Where does the benefit lie in an afternoon nap? Is it in the nap itself--or in the anticipation of taking a snooze? Researchers in the United Kingdom have found that the time just before you fall asleep is where beneficial cardiovascular changes take place.
This finding is part of a study entitled Acute Changes in Cardiovascular Function During the Onset Period of Daytime Sleep: Comparison to Lying Awake and Standing, found in the online edition of the Journal of Applied Physiology, published by The American Physiological Society. The study was conducted by Mohammad Zaregarizi, Ben Edwards, Keith George, Yvonne Harrison, Helen Jones and Greg Atkinson, of the Liverpool John Moores University in Liverpool, U.K.
The Afternoon Nap
Afternoon naps, or siestas, are practiced in many Mediterranean and Latin American countries such as Spain and Argentina. They are typically short naps or rest periods of no more than an hour that are taken in the afternoon.
While earlier studies on siestas have found that this practice may slightly increase the risk of heart attack, newer and more controlled studies have shown an inverse relationship between siesta taking and fatal heart attacks. In a recent epidemiological study of 23,000 people in Greece, those who regularly took siestas showed a 37% reduction in coronary mortality compared to those who never nap, while individuals who occasionally napped in the afternoon had a reduction of 12%.
Why do afternoon naps affect cardiovascular function? One reason could be changes in blood pressure. At night, our blood pressure and heart rate decreases as we sleep. Some researchers hypothesize that the lower blood pressure reduces strain on the heart and decreases the risk of a fatal heart attack.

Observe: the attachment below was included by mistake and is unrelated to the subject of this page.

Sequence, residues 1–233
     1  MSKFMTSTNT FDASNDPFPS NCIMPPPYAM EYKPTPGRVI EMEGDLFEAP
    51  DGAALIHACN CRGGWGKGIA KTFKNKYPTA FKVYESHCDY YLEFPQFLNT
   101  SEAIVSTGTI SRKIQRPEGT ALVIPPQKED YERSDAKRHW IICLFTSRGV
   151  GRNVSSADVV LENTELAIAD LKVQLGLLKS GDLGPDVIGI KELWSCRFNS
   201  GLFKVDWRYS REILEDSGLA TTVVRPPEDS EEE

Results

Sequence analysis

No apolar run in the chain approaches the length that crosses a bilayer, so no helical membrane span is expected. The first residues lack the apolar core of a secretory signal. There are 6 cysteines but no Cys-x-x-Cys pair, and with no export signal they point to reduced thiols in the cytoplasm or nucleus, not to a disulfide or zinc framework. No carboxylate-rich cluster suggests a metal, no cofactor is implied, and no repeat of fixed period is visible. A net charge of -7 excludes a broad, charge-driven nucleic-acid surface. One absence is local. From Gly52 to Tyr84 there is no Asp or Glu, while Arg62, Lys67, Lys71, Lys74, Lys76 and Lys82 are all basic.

Most studies have focused on cardiovascular behavior in nighttime sleeping. This study provides a detailed description of changes in cardiovascular function of daytime sleep in healthy individuals, comparing napping with other daytime activities such as standing and lying down without going to sleep.
Nap versus Conscious Rest
The researchers tested nine healthy volunteers (eight men, one woman) who did not routinely take afternoon naps. The volunteers attended the university laboratory on three separate afternoons after sleeping four hours the night before. The volunteers wore equipment that checked blood pressure, heart rate, and forearm cutaneous vascular conductance (which determines dilation of blood vessels).
During one afternoon session, the volunteer spent an hour resting, lying face-up in bed. During another session, the volunteer spent an hour relaxed, but standing. And in one session, the volunteer was allowed an hour to sleep, lying face-up. During the sleep stage, the researchers measured the volunteer's different stages of sleep.
The session in which the volunteer was allowed to fall asleep was delineated into three phases:
- Phase 1: A five-minute period of relaxed wakefulness before lights were turned off (volunteers had been lying on the bed for a minimum of 15 minutes before this phase)
- Phase 2: The period between “lights out” and the onset of Stage 1 sleep (loss of some conscious awareness of the external environment)
- Phase 3: The period between the Stage 1 and the onset of Stage 2 sleep (conscious awareness of the external environment disappears)
Changes Found Only in Pre-Sleep
Researchers found a significant drop in blood pressure during the sleep trial, but not during the resting or standing trials. What's more, this drop in blood pressure occurred mostly after lights out, just before the volunteer fell asleep.
This reduction in blood pressure may be one explanation for the lower cardiovascular mortality that some studies have found among people who habitually take siestas. On the other hand, some studies of nocturnal sleep have shown that blood pressure rises when we awake and that more cardiac deaths occur in the mornings. So the John Moores team will next look at blood pressure during the waking portion of the afternoon nap to see if this period may also pose an increased danger of coronary mortality.